```2007/10/12, Yossef Mendelssohn <ymendel / pobox.com>:
> On Oct 11, 9:55 pm, Brian Adkins <lojicdot... / gmail.com> wrote:
> > On Oct 11, 9:30 pm, Marek Kasperkiewicz <m.kasperkiew... / gmail.com>
> > wrote:
> >
> > > If i try this
> > > puts (1..10).max
> > > it runs fine.
> > > If i try this
> > > puts (1..100000000).max
> > > It is extremely slow. Instead of using straight math max= 100000000-1
> > > it uses some king of interator to find out the value of max.
> > > What is the catch here?
> >
> > Well, one advantage of (1..N).max compared to your 'straight math'
> > method is the former provides the correct answer and the latter does
> > not. :)
> >
> > However, for efficiency, if for some reason you don't want to simply
> > use max = N, you'll find max = (1..N).end is much faster than max =
> > (1..N).max since it doesn't look at each element in the range.
> >
> > The Enumerable#max method is generalized to also work for cases such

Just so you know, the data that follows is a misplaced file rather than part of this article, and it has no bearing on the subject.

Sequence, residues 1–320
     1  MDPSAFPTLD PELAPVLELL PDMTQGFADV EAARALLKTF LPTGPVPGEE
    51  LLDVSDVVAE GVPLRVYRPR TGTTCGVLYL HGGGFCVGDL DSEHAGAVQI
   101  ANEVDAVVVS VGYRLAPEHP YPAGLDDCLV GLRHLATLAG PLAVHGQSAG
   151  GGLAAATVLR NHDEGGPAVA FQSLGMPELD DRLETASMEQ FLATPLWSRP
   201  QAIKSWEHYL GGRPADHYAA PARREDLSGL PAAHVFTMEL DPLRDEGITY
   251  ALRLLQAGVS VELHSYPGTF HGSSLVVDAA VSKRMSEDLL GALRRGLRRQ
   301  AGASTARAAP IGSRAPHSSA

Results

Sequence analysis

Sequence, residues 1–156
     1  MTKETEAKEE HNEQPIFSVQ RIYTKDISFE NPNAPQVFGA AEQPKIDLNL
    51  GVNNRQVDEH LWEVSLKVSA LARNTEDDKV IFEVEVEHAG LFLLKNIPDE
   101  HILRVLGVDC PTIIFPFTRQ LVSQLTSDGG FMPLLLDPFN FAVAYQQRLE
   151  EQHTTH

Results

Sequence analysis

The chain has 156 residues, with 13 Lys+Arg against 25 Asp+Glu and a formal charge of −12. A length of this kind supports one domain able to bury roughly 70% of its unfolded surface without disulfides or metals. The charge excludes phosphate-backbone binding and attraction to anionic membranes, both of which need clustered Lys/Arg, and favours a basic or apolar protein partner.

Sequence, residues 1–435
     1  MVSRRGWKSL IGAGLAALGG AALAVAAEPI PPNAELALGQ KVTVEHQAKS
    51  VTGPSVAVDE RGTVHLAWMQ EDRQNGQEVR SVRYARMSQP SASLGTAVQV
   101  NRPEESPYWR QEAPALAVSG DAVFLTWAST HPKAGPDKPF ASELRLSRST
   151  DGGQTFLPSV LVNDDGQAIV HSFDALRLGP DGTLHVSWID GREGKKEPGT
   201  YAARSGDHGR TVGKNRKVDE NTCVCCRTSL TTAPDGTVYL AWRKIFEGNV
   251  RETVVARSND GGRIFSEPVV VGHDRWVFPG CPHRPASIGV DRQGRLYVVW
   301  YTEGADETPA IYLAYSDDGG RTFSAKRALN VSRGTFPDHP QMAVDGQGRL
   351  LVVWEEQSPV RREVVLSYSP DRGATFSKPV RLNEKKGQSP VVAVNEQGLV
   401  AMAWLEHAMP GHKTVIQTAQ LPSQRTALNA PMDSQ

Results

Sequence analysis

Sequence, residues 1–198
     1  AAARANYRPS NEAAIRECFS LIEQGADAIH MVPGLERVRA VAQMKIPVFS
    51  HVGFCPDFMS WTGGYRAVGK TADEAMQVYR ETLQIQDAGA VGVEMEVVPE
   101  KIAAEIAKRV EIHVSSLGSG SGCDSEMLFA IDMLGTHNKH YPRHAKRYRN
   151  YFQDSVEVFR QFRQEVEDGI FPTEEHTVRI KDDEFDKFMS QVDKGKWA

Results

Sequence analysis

> > as max = [1,10,100,10,1].max
>
> I was thinking Range#last, but that has the same problem as Range#end
> (probably one is an alias for the other).
>
> (1..10).last (or end) => 10
> (1..10).max           => 10
>
> (1...10).last (or end) => 10
> (1...10).max           => 9
>
> What you want is something like
>
> class Range
>   def quick_max
>     last - (exclude_end? ? 1 : 0)
>   end
> end
>
> Of course, if you're not using Fixnums, this is wrong. Maybe if
> classes defined prec (instead of only succ), this could be easy.

I believe not. #max *has* to use <=> for a proper result.  Although it
might be common that <=> and #succ represent the same ordering this is
not required.  Actually there is a pretty straightforward example:

irb(main):001:0> ("a".."aa").last
=> "aa"
irb(main):002:0> ("a".."aa").max
=> "z"
irb(main):003:0> puts ("a".."aa").to_a
a
b
c
d
e
f
g
h
i
j
k
l
m
n
o
p
q
r
s
t
u
v
w
x
y
z
aa
=> nil

There is no optimization that works for all and I guess that's the
reason why Matz did not bother to provide Range#max and Enumerable#max
is used instead.  And this has necessarily O(n).  After all: if you
are smart enough to use Ruby then you are probably also smart enough
to not use #max on an integer range. :-)

Kind regards

robert

```